People who live at altitudes above 1,500 meters tend to have a lower fasting glycemia and better glucose tolerance compared to those who live closer to sea level, and understanding why that is could lead to new therapeutic options, according to a study recently published in Endocrine Reviews.
Researchers led by Orison O. Woolcott, MD, of the Diabetes and Obesity Research Institute at Cedars- Sinai Medical Center in Los Angeles, noted that about 7% of the world’s population (about 440 million people) live above 1,500 meters, but there hasn’t been much research on the long-term effects of living at that altitude. There is emerging evidence of the lower prevalence of both obesity and diabetes at higher altitudes, but, according to the authors, the mechanisms underlying improved glucose control at higher altitudes remain unclear.
The authors looked at the most current evidence on glucose homeostasis in residents living above 1,500 meters and reached a number of hypotheses. Insulin is unlikely to play a part. The liver may be involved since “studies showing higher glucagon levels in highlanders and reduced hepatic glycogen content in rodents chronically exposed to hypoxia suggest that the liver may play a role,” they write. The gut may be implicated, but that’s unclear, since most studies have focused on the short-term exposure to high altitudes.
Woolcott and colleagues hypothesized that the lower fasting glycemia in individuals living at high altitudes is determined by a lower hepatic glucose output (HGO) and a higher glucose disposal in the skeletal muscle, since “in the postabsorptive state, blood glucose supply depends primarily on the liver, whereas glucose disposal occurs primarily in the brain (~50%) and to a lesser extent in the skeletal muscle (<25%).” Thet widely accepted concept, along with the evidence of higher glucose disposal in vivo in highlanders and increased glucose uptake in the skeletal muscle induced by anoxia and hypoxia in vivo, helped the team reach that hypothesis. The authors pointed out that further experimental studies could have an important clinical impact, and understanding “the mechanisms that regulate and maintain the lower fasting glycemia in individuals who live at higher altitudes could lead to new therapeutics for impaired glucose homeostasis.”
Metformin Rarely Prescribed to Treat Pre-Diabetes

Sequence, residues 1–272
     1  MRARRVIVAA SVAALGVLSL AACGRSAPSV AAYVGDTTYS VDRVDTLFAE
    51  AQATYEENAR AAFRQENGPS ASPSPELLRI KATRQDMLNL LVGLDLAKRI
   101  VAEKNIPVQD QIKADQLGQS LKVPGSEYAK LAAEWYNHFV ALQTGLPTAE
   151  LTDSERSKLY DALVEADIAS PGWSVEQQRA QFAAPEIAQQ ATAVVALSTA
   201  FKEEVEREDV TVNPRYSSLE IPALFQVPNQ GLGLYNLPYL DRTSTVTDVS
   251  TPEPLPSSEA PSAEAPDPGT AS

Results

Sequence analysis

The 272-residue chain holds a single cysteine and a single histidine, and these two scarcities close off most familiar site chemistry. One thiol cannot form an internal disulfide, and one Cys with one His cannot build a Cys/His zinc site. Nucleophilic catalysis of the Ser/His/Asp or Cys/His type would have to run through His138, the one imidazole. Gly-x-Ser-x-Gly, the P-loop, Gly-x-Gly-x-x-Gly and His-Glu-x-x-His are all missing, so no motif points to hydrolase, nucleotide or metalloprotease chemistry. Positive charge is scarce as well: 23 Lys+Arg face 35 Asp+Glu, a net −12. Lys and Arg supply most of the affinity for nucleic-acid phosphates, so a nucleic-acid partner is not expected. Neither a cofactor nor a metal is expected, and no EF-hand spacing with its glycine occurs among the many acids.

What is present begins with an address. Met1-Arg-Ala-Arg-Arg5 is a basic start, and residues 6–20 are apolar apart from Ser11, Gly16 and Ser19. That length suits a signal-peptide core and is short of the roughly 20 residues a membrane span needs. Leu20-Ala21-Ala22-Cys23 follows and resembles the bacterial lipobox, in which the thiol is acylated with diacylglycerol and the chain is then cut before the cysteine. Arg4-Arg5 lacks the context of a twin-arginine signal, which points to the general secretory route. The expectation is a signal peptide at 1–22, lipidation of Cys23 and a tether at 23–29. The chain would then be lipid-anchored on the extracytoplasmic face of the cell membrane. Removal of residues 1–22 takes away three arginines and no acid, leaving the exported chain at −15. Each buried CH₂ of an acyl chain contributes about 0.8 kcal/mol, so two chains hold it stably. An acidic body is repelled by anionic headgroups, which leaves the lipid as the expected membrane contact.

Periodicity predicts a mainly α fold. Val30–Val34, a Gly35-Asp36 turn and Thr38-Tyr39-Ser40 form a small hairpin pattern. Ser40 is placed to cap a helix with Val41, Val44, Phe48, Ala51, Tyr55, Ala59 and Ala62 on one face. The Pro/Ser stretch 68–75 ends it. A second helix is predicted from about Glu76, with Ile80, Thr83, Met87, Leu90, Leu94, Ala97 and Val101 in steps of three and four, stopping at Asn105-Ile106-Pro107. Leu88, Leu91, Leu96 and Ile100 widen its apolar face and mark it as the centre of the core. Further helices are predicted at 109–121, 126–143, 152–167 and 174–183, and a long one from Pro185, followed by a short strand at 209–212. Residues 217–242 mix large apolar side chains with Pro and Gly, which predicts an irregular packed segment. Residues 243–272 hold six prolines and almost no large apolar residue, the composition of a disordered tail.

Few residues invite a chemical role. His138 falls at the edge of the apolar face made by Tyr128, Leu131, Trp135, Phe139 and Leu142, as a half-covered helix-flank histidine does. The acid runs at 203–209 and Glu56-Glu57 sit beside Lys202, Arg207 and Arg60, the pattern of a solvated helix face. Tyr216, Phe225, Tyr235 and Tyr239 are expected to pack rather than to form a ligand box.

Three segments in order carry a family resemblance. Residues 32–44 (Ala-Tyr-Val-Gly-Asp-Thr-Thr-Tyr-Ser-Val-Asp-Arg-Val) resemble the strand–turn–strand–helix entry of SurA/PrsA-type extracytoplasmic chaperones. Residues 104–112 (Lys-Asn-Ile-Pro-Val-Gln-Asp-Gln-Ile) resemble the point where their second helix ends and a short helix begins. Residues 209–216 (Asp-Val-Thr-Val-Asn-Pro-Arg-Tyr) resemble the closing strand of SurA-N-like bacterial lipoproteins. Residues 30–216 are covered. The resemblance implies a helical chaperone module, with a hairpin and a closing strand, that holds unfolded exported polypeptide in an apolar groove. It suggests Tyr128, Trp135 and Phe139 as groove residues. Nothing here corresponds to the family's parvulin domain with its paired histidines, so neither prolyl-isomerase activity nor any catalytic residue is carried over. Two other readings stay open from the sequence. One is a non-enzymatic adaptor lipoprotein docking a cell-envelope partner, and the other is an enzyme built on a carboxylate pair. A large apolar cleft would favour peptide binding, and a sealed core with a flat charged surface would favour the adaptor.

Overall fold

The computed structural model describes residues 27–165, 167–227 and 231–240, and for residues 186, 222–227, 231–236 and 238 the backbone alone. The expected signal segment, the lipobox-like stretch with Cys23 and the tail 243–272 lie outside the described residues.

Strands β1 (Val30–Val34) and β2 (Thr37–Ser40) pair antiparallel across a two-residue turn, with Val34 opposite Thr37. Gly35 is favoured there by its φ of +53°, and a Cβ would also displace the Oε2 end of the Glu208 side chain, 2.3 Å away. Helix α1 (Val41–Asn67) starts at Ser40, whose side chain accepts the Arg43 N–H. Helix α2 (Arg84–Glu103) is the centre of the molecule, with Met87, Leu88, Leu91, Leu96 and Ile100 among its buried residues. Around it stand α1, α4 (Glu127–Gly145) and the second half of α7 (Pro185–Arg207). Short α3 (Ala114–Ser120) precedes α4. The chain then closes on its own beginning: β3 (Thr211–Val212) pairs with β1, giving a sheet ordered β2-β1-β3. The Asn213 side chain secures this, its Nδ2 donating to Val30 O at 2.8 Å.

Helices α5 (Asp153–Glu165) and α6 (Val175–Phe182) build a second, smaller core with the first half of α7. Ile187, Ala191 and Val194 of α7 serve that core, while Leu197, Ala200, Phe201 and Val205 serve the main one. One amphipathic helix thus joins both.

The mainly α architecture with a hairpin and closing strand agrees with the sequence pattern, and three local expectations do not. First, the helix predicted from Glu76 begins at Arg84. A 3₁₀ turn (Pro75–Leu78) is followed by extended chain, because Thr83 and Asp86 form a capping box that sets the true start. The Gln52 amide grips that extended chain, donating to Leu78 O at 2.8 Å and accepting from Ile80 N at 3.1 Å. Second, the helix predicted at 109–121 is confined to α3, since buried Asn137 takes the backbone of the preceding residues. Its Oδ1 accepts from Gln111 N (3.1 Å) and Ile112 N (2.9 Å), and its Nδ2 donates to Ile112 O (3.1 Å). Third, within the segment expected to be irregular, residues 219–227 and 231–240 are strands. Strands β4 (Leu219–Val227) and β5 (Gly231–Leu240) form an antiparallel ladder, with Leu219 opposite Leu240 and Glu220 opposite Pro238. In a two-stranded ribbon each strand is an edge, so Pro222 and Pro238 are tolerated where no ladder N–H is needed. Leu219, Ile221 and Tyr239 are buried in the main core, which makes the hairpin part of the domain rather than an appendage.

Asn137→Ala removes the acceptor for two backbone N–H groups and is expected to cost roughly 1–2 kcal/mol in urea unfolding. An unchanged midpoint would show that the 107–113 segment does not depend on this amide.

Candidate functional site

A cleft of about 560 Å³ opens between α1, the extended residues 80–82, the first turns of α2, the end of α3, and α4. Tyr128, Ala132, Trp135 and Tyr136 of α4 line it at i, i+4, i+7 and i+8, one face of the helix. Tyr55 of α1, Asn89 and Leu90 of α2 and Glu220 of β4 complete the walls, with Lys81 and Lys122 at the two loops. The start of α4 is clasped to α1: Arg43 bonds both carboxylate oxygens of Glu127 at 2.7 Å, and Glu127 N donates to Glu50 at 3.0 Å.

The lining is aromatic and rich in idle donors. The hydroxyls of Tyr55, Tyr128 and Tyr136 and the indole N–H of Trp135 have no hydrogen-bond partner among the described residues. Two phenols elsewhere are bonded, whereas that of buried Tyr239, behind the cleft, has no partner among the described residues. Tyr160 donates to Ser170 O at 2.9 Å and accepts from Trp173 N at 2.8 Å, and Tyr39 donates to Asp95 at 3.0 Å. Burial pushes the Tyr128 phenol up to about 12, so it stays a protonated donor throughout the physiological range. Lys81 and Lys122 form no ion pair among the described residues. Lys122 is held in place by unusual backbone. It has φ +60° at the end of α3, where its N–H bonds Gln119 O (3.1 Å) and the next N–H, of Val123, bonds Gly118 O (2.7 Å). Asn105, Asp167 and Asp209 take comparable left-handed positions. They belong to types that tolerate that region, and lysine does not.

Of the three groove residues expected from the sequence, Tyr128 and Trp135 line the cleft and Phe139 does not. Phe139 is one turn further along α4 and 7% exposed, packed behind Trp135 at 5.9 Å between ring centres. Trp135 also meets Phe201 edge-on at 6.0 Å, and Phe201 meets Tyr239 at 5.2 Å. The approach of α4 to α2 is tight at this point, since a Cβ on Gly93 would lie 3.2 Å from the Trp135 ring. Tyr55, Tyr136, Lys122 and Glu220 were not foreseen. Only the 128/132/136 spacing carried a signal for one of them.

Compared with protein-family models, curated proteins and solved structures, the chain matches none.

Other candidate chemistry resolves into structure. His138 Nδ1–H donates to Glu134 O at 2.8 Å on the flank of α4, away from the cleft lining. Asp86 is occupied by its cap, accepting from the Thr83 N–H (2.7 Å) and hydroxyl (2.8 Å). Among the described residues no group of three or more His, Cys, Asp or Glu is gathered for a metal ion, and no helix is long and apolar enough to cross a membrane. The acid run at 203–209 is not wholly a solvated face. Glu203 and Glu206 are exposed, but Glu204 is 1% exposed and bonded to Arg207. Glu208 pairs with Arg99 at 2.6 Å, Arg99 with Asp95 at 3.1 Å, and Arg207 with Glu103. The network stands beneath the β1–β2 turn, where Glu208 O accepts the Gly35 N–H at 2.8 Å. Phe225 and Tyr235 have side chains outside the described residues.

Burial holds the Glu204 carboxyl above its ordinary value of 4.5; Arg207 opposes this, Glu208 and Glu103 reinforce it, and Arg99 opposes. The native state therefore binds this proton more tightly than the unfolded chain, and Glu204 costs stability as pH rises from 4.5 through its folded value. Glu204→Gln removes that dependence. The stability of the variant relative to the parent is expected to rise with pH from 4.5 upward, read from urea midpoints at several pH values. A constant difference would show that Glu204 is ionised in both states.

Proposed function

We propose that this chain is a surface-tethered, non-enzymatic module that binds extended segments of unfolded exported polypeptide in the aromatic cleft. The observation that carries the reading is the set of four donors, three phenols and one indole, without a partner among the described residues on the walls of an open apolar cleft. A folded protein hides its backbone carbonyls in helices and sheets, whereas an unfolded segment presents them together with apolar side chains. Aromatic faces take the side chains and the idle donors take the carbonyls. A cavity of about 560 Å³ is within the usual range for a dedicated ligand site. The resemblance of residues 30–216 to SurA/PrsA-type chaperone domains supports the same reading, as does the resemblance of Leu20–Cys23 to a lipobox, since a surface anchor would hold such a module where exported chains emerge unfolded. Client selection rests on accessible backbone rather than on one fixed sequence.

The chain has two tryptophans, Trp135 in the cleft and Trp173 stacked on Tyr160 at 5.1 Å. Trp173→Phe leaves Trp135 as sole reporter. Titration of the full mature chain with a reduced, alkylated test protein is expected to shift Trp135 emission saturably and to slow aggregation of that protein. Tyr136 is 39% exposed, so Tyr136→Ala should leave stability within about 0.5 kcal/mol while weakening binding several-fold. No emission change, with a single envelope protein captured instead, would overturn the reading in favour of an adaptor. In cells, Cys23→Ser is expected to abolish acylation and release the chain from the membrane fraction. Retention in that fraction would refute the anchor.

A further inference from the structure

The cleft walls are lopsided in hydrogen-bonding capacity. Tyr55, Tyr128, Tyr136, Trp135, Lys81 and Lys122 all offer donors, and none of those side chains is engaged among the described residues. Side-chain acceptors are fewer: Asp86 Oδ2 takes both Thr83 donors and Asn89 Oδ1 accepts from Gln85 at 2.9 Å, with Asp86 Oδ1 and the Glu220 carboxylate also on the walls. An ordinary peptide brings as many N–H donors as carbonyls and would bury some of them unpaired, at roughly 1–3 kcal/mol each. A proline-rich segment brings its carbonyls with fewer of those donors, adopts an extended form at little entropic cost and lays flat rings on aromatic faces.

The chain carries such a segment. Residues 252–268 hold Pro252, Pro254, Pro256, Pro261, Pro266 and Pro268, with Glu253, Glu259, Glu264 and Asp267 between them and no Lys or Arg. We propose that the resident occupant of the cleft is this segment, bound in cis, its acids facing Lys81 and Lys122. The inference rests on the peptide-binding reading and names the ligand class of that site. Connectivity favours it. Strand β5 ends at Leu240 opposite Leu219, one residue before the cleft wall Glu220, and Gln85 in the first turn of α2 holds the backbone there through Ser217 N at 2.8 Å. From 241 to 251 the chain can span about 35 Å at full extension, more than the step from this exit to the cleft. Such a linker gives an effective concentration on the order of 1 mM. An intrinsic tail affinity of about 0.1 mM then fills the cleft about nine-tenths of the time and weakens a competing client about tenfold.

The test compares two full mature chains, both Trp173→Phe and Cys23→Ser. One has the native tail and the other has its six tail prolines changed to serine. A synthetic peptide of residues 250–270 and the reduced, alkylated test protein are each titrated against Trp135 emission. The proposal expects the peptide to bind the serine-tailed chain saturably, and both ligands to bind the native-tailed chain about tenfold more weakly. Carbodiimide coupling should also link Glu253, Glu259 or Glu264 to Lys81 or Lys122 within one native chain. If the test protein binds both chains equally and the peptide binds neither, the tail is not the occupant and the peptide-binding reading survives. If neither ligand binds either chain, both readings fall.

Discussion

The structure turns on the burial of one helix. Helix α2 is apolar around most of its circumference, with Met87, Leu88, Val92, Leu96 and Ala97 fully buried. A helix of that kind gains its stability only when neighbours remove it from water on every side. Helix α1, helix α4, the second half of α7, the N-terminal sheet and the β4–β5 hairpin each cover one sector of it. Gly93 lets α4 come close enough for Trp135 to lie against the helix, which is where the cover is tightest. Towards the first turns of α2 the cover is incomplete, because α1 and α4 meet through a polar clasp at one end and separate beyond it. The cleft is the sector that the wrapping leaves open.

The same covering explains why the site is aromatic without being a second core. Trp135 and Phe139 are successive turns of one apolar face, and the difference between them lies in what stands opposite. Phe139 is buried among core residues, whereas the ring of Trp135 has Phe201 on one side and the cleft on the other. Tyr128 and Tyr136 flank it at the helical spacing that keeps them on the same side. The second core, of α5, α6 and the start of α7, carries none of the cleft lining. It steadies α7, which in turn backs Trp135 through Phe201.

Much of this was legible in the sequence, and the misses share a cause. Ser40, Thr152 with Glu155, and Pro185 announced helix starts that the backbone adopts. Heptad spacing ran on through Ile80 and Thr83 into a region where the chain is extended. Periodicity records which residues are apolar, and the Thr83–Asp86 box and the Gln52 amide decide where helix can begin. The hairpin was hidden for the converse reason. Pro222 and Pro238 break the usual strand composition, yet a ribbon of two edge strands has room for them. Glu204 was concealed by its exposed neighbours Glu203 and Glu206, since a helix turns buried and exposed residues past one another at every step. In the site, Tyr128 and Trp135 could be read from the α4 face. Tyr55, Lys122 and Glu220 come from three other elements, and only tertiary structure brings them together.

Low-cost metformin is effective at treating pre-diabetes, but the drug is rarely prescribed for it, according to a study recently published in the Annals of Internal Medicine. Metformin has been shown to prevent full-blown diabetes, but researchers found that only 3.7% of patients were prescribed metformin for their pre-diabetes over the study’s three-year window.
Researchers led by Tannaz Moin, MD, assistant professor of medicine in the Division of Endocrinology at the David Geffen School of Medicine at UCLA and VA Greater Los Angeles, analyzed a national sample of 17,352 adults aged 19 through 58 with pre-diabetes. They found:
- Prevalence of metformin prescriptions was 7.8% for patients with a BMI of greater than 35 kg/m2.
- Metformin prescriptions were nearly twice as high for women (4.8%) than for men (2.8%).
- Among patients with pre-diabetes, prevalence of prescriptions for obese individuals was 6.6% vs. 3.5% for non-obese people.
- Prescription prevalence for people with pre-diabetes and two comorbidities was 4.2% vs. 2.8% with people with no comorbidities.
The reasons for this metformin underuse are not clear, the researchers write, though lack of knowledge of the 2002 Diabetes Prevention Program (DPP) Study, which showed that both lifestyle changes and metformin use can prevent or delay progression to diabetes among those with prediabetes, or the fact that the drug does not have FDA approval for pre-diabetes, or reluctance by both patient and physician to “medicalize” pre-diabetes, may play into it.
“Metformin or lifestyle changes can be used to prevent diabetes, but getting people to make those changes is really difficult,” Moin says in a statement. “Diabetes is prevalent, but pre-diabetes is even more prevalent and we have evidence-based therapies like metformin that are very safe and work. Metformin is rarely being used for diabetes prevention among people at risk for developing it. This is something that patients and doctors need to be talking about and thinking about.”
While adopting healthier life habits can definitely curb the progression of pre-diabetes, it isn’t always easy to make those changes. For instance, setting aside time for weekly classes on healthy lifestyle changes and regular exercise can be particularly challenging for people with long work hours or other commitments that eat into their time. “Taking metformin in cases like these could be a viable alternative, so patients should be educated about the potential benefits of metformin as an option for preventive treatment since it is covered by most prescription drug plans, is inexpensive, and has been shown to be very safe in long-term studies,” Moin says.
Cellular Defect Linked to Diabetes
A cellular defect that can impair the body’s ability to handle high glucose levels and could point the way to a potential new treatment for diabetes has been identified by Columbia University Medical Center (CUMC) researchers, according to a study recently published in the Journal of Clinical Investigation. The CUMC team found that ryanodine receptor type 2 (RyR2) calcium channels in insulinproducing cells play an important and previously underappreciated role in glucose balance.